The Conditions of Being Art

Posted in Art on April 10th, 2024
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The Conditions of Being Art is the first book to examine the activities of groundbreaking contemporary art galleries Pat Hearn Gallery and American Fine Arts, Co. (1983–2004), and the transnational milieu of artists, dealers and critics that surrounded them.

Drawing on the archives of dealers Pat Hearn and Colin de Land—both, independently, legendary players on the New York art scene of the 1980s and ’90s, and one of the great love stories of the art world—this publication illustrates their distinctive artistic practices, significant exhibitions and events, and daily business. Hearn and de Land championed art that challenged the business of running an art gallery; artists like Renée Green and Susan Hiller, Andrea Fraser and Cady Noland, who employed conceptualism and installation, social and institutional critique.

Contributing to the history of exhibitions, institutions and curating, The Conditions of Being Art addresses a significant gap in this literature around experimental commercial spaces in recent art history. This publication is the first book-length critical account of the alternative commercial gallery practices of the 1990s, a moment and a scene that is extremely influential to many of today’s art dealers, curators and artists.

Hearn and de Land’s gallery practices explored new experimental and ethical possibilities within the selling of art, testing the relationship of contemporary art to its markets. In this volume, full-color images, in-depth scholarly investigations and detailed gallery histories vibrantly document how Hearn and de Land tested new notions of what an art gallery could be.

Publisher: CCS Bard; Dancing Foxes Press

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Komplaint Dept.

Posted in Art, music on April 1st, 2024
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The latest volume of writing by influential New York–based critic and curator Bob Nickas collects his 2012–14 column for Vice magazine’s Komp-laint Dept. This column unleashed the full omnivorous range of the author’s interests. There are essays on musicians such as Neil Young, Sun Ra, Royal Trux and Lydia Lunch, which look at their biographies and the history of Nickas’ personal relationship with their music; there are lengthy and often very funny “complaints” about, among other things, two different presidents, Jeff Koons, New York architecture, the meeting of fashion and punk, religion in general, nostalgia and the problem with contemporary graffiti. Additionally, there are meditations on filmmakers such as David Cronenberg and Nicolas Refin. The book is rounded out by perhaps the definitive (two-part) examination of how and why Richard Prince uses appropriation.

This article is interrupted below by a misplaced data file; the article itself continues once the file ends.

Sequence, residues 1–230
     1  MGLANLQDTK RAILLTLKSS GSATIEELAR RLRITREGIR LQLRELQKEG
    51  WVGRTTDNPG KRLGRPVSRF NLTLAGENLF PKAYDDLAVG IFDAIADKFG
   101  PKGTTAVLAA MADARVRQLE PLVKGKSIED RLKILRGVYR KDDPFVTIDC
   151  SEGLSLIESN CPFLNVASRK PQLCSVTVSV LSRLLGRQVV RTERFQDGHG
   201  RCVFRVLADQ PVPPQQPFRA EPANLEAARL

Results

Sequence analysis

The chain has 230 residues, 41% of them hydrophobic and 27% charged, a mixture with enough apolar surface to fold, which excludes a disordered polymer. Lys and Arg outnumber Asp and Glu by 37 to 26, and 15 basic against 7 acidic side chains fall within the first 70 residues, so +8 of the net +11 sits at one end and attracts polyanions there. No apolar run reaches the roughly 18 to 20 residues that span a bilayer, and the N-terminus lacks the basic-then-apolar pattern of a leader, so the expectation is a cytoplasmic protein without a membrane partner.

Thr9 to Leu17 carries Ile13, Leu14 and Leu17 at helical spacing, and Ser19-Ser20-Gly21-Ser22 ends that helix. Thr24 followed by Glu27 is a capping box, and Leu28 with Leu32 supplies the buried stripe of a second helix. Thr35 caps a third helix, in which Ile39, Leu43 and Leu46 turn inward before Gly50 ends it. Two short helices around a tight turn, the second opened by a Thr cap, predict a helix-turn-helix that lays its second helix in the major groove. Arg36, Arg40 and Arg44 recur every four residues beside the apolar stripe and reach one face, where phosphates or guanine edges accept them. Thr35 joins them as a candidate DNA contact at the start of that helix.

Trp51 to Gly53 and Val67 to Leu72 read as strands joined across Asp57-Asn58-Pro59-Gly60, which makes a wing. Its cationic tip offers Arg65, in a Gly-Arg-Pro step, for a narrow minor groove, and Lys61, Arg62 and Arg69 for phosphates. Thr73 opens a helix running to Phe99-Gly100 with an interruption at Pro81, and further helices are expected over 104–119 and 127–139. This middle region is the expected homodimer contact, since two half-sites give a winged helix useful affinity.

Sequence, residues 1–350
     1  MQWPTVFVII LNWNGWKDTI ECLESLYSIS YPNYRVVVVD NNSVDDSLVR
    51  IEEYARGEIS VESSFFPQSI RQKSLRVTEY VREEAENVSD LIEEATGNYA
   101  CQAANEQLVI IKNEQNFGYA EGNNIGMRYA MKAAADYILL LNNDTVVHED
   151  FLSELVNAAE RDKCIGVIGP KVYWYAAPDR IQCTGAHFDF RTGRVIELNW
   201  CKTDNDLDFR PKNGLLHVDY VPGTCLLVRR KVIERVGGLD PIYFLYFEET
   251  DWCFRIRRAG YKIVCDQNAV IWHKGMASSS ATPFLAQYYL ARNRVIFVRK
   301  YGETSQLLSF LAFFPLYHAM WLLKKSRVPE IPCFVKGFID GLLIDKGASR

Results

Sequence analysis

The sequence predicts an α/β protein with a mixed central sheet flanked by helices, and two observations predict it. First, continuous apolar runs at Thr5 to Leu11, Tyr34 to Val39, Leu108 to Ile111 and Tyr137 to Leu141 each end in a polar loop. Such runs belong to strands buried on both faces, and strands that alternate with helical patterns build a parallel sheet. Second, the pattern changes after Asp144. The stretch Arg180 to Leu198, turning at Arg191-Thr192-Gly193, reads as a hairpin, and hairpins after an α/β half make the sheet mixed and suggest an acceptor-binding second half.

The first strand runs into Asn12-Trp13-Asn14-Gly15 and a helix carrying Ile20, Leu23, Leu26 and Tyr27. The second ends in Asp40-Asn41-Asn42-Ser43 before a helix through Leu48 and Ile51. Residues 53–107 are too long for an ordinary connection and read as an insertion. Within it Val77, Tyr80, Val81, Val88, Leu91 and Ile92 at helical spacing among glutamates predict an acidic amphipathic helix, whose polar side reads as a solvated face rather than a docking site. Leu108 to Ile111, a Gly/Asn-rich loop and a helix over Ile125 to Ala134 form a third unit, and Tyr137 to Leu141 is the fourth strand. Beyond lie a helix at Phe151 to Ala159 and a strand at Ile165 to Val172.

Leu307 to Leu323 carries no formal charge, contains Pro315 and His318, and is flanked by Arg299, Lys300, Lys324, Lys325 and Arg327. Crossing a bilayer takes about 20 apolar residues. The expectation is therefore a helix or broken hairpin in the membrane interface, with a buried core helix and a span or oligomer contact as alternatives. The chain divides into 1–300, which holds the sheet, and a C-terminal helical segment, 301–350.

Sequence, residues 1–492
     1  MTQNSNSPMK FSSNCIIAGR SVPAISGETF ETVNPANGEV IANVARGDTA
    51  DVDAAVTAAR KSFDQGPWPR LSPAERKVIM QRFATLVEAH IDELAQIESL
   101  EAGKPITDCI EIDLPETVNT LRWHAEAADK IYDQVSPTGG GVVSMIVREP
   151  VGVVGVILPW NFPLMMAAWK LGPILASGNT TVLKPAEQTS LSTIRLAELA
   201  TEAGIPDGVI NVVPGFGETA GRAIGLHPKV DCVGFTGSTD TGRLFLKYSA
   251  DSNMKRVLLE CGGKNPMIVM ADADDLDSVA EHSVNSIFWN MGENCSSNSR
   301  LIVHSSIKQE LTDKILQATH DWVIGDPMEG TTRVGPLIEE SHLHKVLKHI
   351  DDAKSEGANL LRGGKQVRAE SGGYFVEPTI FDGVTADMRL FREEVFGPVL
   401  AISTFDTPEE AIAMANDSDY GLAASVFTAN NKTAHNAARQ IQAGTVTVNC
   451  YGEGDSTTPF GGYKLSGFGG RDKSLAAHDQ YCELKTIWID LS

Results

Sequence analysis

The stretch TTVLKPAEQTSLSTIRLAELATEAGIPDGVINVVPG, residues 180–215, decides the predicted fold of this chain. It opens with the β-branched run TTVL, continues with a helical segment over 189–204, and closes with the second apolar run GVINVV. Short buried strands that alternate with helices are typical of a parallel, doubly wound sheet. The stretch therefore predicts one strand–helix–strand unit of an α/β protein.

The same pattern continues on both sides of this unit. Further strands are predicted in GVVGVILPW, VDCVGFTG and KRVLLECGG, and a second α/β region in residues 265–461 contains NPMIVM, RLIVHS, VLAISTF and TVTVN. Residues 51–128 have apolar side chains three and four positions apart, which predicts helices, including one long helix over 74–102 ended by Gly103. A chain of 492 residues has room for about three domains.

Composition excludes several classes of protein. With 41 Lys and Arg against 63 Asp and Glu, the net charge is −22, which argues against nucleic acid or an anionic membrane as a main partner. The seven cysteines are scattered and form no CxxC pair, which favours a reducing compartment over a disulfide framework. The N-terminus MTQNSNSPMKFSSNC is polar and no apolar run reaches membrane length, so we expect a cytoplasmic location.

Author: Bob Nickas

Publisher: Karma

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Starship 20

Posted in Art, magazines on March 27th, 2024
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This is the 20th issue of Starship and we are proud and very happy to present it, and mainly want to thank all the artists, the contributors, the columnists, and the people who helped us gather images of exhibitions past, and gave us texts from books not yet published. Starship never starts with a clear concept about its future content, or what could be called a theme, but always with a sort of attentive interest. The theme may develop through its columnists—we now think it is easy to distinguish lines of thoughts, images, and texts answering each other. But it surely does so out of this editorial interest that wanders, and finds, and collects, is enthusiastic about artworks, and texts, and people, and then, well, brings this all together in a magazine. This was our working mode during the past year, and the responsiveness of those who regularly write for Starship (the columnists) has shown us that out there others are involved in thoughts that run very much in parallel. It is a strange form, a magazine like this, not getting funded, appearing irregularly, but still following a sort of conventional form that shows its consistency. It is at its core an excess of producing something that might prove itself valuable and liberating in the future.

—Ariane Müller, Henrik Olesen

Contributors to Starship № 20:

Rosa Aiello, Terry Atkinson, Tenzing Barshee, Gerry Bibby, Mercedes Bunz, David Bussel, Jay Chung, Eric D. Clark, Caleb Considine, Hans-Christian Dany, Albert Dichy, Nikola Dietrich, Martin Ebner, Ruth Angel Edwards, Stephanie Fezer, Jean Genet, Simone Gilges, Julian Göthe, Michèle Graf, Selina Grüter, Ulrich Heinke, Toni Hildebrandt, Beatrice Hilke, Karl Holmqvist, Stephan Janitzky, G. Peter Jemison, Charlotte Johannesson, Julia Jost, Julia Jung, Jakob Kolding, Nina Könnemann, Lars Bang Larsen, Anita Leisz, Norman Lewis, Elisa R. Linn, Sebastian Lütgert, Vera Lutz, Chloée Maugile, Robert McKenzie, Ariane Müller, Christopher Müller, Robert M. Ochshorn, Henrik Olesen, Kari Rittenbach, Nina Rhode, Ulla Rossek, Cameron Rowland, Mark von Schlegell, Ryan Siegan Smith, Philipp Simon, Valerie Stahl Stromberg, Josef Strau, Vera Tollmann, Eleanor Ivory Weber, Camilla Wills, Amelie von Wulffen, Florian Zeyfang

Thanks to: Hollybush Gardens, L’Institut du monde arabe, L’Institut mémoires de l’édition contemporaine, Paris, and Albert Dichy, Michael Rosenfeld Gallery, Friederike Gratz, and Galerie Buchholz, Kunsthalle Friart and Nicolas Brulhart, Richard Sides and The Wig, Galerie Emanuel Layr, Canal 47, Kevin Space, Hannes Schmidt and Galerie Schiefe Zähne, Timo Schröder and Edition Nautilus, Cameron Rowland. Thank you to everyone from freier magazine, especially Nina Rhode for organizing and clarifying with all the artists and contributors, as well as KM Galerie, and Martin Eberle for their kind support.

Spring 2024

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